Bold Flight by Howard Hughes Sets New Speed Record
Billionaire Howard Hughes died in 1976 a 70-year-old eccentric recluse, whose strange behavior stemmed from a severe obsessive-compulsive disorder. During the last few years of his life he only cut his hair and trimmed his nails once a year, and avoided contact with people. As a young man, however, Hughes was an enormously successful film producer, industrialist, engineer and aviator. In 1939 he was awarded a Congressional Gold Medal “in recognition of the achievements of Howard Hughes in advancing the science of aviation and thus bringing great credit to his country throughout the world.”
He was a dashing and daring aviator in his 30s, designing and building his own aircraft and setting many air speed records. On Jan. 19, 1937, he set one of those records: the transcontinental speed record, flying across the country in 7.5 hours at an average speed of 332 miles per hour. The Seattle Daily Times (Seattle, Washington) printed the news of his feat on the front page of its Jan. 19, 1937, issue:
Hughes Sets New Air Mark across Nation
Flyer Spans Continent from Los Angeles to Newark in 7 Hrs., 31 Min.
Newark, N.J., Tuesday, Jan. 19.—(AP)—Burning the wind at an estimated average speed of 332 miles an hour, Howard Hughes, the former movie producer, today drove his high-speed monoplane across the continent in 7 hours and 31 minutes for a new transcontinental speed mark.
The officials who checked Hughes in on his record nonstop flight said his time broke all land-plane distance speed records.
Hughes took off from Union Air terminal, Los Angeles, at 2:14 a.m. (5:14 a.m. eastern standard time) today and roared down across Newark municipal airport, 2,490 miles away, at 12:43:27 p.m. (eastern standard time).
Salute to Newark
The new record breaks his old mark of 9 hours, 25 minutes, 10 seconds, set last January 14.
Hughes roared away into the mists east of the Newark field after being sure he was identified but came back in a few minutes and circled the field at terrific speed, apparently in an outburst of exuberance at setting the new mark.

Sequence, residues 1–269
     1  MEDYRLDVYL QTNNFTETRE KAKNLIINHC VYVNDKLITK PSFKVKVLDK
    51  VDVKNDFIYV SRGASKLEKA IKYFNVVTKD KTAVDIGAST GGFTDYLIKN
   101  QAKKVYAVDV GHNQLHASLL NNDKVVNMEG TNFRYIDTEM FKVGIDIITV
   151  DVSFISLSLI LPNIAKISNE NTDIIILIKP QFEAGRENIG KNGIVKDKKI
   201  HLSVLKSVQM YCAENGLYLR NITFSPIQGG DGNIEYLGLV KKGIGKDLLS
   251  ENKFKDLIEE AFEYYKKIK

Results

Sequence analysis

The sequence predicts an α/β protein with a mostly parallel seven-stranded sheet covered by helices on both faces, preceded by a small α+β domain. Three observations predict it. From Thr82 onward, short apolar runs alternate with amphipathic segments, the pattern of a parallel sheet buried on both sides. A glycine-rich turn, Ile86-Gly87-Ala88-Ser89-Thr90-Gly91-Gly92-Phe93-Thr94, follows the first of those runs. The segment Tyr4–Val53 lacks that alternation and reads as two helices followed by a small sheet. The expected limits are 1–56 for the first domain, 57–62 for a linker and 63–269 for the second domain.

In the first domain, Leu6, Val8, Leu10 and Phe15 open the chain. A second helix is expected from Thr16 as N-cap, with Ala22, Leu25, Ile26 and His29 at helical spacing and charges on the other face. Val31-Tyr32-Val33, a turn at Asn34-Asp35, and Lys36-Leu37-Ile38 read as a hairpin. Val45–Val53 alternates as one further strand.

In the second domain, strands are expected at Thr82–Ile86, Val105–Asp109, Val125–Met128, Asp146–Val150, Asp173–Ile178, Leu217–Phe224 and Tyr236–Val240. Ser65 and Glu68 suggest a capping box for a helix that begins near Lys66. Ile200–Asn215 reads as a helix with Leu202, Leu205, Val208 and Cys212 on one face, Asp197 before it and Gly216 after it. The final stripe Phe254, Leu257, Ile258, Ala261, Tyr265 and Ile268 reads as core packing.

He set his fast ship down to earth at 1:11 p.m.
Hughes was smiling broadly as he climbed from the open cockpit to receive congratulations of field attaches.
High in the Air
“I flew at 14,000 feet most of the way,” Hughes said, “with my highest speed 370 miles an hour. I used about 200 of the 280-gallon load. I am very tired—a bit shaky.”
Hughes, however, climbed out of the tiny cockpit without assistance and shook hands with friends who rushed out to greet him.
He said he had picked up a good tail wind from Kansas City on to Newark, and added that conditions in the sub-stratosphere had not bothered him.
Further details of Hughes’s record flight were printed by the Trenton Evening Times (Trenton, New Jersey) on Jan. 20, 1937:
Hughes Sleeping after Record Hop
Millionaire Flyer Streaks from Coast to Coast in 7 ½ Hours
New York, Jan. 20.—(AP)—America’s amazing, air-minded millionaire, the 32-year-old Howard Hughes, devoted himself today to sleeping.
The calm, wiry six-footer, who has traveled faster and farther than any other human being in history, was utterly tired from his “winged bullet” feat of spanning the continent yesterday at a speed of 332 miles an hour.
“My next record will be some fancy long-distance sleeping,” he said last night before retiring.
In his little plane, designed by his own engineer, Richard Palmer, and built in his own factory at Burbank, Cal., he flew 2,490 miles in seven hours, 28 minutes, 25 seconds, to break every existing airplane distance speed record in the world.
The only man who ever has flown faster than Hughes is the Italian, Francesco Agello, who traveled 440.6 miles an hour for less than two miles in a seaplane October 23, 1934. That record was set with an engine designed for about one hour’s service.
Palmer met Hughes at Newark Airport. The two men shook their heads at each other.
“I knew she was fast,” Hughes told his chief engineer, “but I didn’t know she was that fast.”
Hughes is the outright owner of petroleum and manufacturing interests and estates in Texas, California, and elsewhere. He formerly was a motion picture producer. Among his pictures were “Hell’s Angels” and “Scarface.”
And why does he risk his neck setting speed records? “I like to fly,” is his answer.
A humorous anecdote related to Hughes’s record flight was printed in a column of the Seattle Daily Times (Seattle, Washington) on Jan. 20, 1937:
Strolling around the Town
Howard Hughes, former motion picture producer, drove his high speed monoplane across the country in 7 hours and 28 minutes for a new transcontinental speed mark, averaging 332 miles an hour.
Perhaps it was this which prompted a Seattle woman to send The Stroller a copy of a letter from the School Board of Lancaster, Ohio, dated in 1828. The letter, obviously in answer to some request, read:
“You are welcome to the use of the school house to debate all proper questions in, but such things as railroads and telegraphs are impossibilities and rank infidelity. There is nothing in the Word of God about them. If God had designed that His intelligent creatures should travel at the frightful speed of fifteen miles an hour by steam, He would have clearly foretold it through His holy prophets. It is a design of Satan to lead immortal souls to hell.”
You can see where that would have left Mr. Hughes in 1828.
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